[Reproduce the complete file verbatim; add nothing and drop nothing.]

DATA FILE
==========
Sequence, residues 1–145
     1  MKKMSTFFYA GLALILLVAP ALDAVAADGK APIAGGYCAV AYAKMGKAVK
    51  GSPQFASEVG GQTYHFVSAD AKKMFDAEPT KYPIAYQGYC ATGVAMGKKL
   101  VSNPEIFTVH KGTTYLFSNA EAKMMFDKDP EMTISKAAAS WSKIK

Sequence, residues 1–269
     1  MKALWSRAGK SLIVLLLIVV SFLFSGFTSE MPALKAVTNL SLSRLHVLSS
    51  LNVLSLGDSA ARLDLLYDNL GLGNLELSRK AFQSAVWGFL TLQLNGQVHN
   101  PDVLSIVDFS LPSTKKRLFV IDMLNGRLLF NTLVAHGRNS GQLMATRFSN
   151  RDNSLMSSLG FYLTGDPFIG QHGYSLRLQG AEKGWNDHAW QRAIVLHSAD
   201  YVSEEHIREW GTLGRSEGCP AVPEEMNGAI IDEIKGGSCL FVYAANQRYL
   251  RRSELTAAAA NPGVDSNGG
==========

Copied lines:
Sequence, residues 1–145
     1  MKKMSTFFYA GLALILLVAP ALDAVAADGK APIAGGYCAV AYAKMGKAVK
    51  GSPQFASEVG GQTYHFVSAD AKKMFDAEPT KYPIAYQGYC ATGVAMGKKL
   101  VSNPEIFTVH KGTTYLFSNA EAKMMFDKDP EMTISKAAAS WSKIK

Sequence, residues 1–269
     1  MKALWSRAGK SLIVLLLIVV SFLFSGFTSE MPALKAVTNL SLSRLHVLSS
    51  LNVLSLGDSA ARLDLLYDNL GLGNLELSRK AFQSAVWGFL TLQLNGQVHN
   101  PDVLSIVDFS LPSTKKRLFV IDMLNGRLLF NTLVAHGRNS GQLMATRFSN
   151  RDNSLMSSLG FYLTGDPFIG QHGYSLRLQG AEKGWNDHAW QRAIVLHSAD
   201  YVSEEHIREW GTLGRSEGCP AVPEEMNGAI IDEIKGGSCL FVYAANQRYL
   251  RRSELTAAAA NPGVDSNGG